KL: I generally look for a part in the conversation that really brought some life to someone, a conversation that made them really think about it. Especially if they start off with, “Oh, good question,” or, “Oh, that’s hard.” And I try to relate it back to something that has a conclusion. I like being able to loop around somehow, and that is never the same for every conversation. Sometimes it doesn’t happen. So in that case I have to either pull random quotes, or I just won’t use that story, which has only happened one time.
MM: Do you have any favorite memories from the page?
KL: I really enjoyed interviewing Mac. He’s a custodian here who is also a full-time pastor. And actually, Mac and I kind of have a relationship already because my friend and I got him cookies for his birthday. Then he found out when my birthday was, and he got me a cupcake and a card for my birthday. And now whenever I see him, I stop and we chat and talk about our days. So when I interviewed him it was fascinating. I had no idea that he had a second full-time job, let alone that he was a pastor. But it all makes sense. And then someone posted a comment that said, “I remember seeing Mac close his eyes one time when he saw someone playing guitar and just listened,” and I could just picture him doing that. All this stuff made sense: Of course you’re a pastor! Of course, you are!
So that’s probably my favorite one, and it’s also the one that has gotten the most ‘likes.’ I think it’s gotten over 500 likes, the last time I checked. It was really incredible to see that reaction from people, especially about someone who’s not a student or a professor. It’s someone who isn’t as visible on campus as other people… It’s someone who’s doing their job and doing it well.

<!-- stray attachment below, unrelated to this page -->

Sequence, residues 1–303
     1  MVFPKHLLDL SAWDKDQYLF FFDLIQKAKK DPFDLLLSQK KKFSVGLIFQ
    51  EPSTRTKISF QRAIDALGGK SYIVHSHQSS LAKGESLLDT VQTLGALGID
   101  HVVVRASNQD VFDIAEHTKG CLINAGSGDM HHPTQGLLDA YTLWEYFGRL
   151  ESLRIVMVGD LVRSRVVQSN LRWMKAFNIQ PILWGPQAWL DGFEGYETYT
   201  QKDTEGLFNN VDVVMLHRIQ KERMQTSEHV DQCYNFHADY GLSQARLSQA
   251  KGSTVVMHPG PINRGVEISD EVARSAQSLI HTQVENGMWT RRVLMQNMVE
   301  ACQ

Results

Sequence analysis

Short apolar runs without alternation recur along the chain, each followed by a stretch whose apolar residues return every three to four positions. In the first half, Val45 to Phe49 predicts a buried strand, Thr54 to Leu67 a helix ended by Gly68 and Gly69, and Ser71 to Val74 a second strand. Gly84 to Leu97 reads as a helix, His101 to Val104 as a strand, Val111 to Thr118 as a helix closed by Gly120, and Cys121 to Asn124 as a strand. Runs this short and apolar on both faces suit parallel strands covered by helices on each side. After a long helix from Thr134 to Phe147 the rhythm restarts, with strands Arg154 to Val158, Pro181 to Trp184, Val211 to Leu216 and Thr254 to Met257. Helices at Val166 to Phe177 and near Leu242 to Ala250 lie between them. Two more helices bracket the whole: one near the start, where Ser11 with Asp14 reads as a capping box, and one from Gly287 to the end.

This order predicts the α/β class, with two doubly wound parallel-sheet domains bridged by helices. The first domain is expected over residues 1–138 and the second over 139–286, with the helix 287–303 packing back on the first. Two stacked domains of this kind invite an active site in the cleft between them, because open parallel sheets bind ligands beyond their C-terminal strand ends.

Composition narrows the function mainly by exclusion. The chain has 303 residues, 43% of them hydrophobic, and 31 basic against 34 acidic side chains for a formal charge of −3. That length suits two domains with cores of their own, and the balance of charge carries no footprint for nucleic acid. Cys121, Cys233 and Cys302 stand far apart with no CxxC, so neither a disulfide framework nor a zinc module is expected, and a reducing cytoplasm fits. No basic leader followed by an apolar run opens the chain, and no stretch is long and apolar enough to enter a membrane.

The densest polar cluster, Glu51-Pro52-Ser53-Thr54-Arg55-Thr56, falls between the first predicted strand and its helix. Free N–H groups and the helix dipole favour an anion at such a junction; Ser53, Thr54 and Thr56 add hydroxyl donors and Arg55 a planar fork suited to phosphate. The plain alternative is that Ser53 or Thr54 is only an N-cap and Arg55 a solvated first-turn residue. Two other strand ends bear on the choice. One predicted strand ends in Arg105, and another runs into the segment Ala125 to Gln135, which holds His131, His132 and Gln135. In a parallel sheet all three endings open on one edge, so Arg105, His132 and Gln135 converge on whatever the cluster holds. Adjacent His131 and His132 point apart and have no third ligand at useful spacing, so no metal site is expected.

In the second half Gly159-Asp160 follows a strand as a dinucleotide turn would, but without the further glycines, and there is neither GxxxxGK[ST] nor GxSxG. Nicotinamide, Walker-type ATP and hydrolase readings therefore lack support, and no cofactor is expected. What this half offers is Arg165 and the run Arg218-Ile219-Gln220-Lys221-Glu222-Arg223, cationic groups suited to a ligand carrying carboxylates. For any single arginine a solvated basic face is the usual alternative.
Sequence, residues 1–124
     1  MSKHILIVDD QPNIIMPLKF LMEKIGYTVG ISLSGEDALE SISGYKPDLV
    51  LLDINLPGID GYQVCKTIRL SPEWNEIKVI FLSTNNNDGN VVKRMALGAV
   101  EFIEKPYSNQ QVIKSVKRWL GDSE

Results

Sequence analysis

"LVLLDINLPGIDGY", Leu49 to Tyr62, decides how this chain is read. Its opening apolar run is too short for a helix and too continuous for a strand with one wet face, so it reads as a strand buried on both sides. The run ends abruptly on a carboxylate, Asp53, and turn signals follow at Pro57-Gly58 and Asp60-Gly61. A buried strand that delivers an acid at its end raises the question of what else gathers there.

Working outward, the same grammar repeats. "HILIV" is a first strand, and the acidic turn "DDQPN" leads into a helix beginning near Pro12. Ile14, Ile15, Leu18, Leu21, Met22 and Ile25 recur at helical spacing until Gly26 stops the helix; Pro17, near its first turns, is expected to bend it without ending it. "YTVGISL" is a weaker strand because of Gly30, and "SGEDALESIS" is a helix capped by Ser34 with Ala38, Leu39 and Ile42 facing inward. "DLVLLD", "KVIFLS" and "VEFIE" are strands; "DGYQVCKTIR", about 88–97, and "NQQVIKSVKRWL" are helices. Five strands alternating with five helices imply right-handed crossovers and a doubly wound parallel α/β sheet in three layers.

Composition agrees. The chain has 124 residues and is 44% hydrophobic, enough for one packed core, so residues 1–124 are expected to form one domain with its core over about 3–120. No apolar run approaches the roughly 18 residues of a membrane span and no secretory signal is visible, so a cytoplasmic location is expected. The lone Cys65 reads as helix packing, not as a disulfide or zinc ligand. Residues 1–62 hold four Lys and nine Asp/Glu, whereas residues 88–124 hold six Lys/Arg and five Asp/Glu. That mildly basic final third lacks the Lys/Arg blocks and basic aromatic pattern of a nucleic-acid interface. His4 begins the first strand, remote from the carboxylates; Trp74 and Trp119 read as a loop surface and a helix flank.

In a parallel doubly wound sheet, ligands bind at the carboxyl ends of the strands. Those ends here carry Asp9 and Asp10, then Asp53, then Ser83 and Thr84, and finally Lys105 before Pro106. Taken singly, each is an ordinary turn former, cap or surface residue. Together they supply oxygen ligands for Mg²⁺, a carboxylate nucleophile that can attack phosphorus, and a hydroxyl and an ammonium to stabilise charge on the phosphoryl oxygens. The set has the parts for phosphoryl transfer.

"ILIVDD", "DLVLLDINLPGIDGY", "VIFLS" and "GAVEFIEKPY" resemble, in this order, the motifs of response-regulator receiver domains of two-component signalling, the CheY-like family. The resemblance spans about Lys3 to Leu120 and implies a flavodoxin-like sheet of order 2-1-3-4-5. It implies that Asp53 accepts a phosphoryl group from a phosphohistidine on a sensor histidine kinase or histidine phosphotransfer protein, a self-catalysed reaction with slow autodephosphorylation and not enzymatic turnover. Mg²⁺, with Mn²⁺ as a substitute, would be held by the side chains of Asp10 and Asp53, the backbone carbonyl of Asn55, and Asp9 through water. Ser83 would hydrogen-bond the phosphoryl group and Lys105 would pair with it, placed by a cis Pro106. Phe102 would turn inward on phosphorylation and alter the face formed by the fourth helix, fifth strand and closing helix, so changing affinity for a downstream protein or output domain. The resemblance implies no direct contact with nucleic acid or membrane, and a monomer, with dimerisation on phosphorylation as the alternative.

MM: Do you think you will continue doing this for the rest of your time at St. Olaf?
KL: Yeah, I do. I’ve had a request for people to join and to be photographers, but since it’s only a few weeks old I’ve said, “Not yet!” I would love to turn this into a collaboration eventually, but it’s still my baby right now. I want it to be able to walk before I let it stay with other people. And I like that, but I also don’t want it to seem like I have a “savior complex,” or that I don’t want anyone else to do this. I just want to be able to be a storyteller for a little bit. I’m not an expert, I mean I’m only a week in, but I’m really excited about where it’s going.
MM: So have you gotten any negative feedback about “Humans of St. Olaf”?
KL: Someone today who didn’t know I was behind it said to me in a conversation, “Oh, the ‘Humans of St. Olaf’ page? I think they’re just trying to be Brandon from ‘Humans of New York.'” So I said, “Yeah, but do you know their stories? I mean, the reason I do it is to learn stories about people,” and they were like, “Oh.”
I really like the criticism and feedback because it makes me think about it. And I never want it to be just one- or two-dimensional. I want to hear back from people; otherwise it’s just pointless for me to do it. And yeah, it’s not anonymous, but I think that’s good in a way, because you might see these people every day and finally you’re not just seeing them in passing. You actually know something about them. And maybe you don’t know their name, maybe you don’t know where they’re from, but at least you know that they have a story.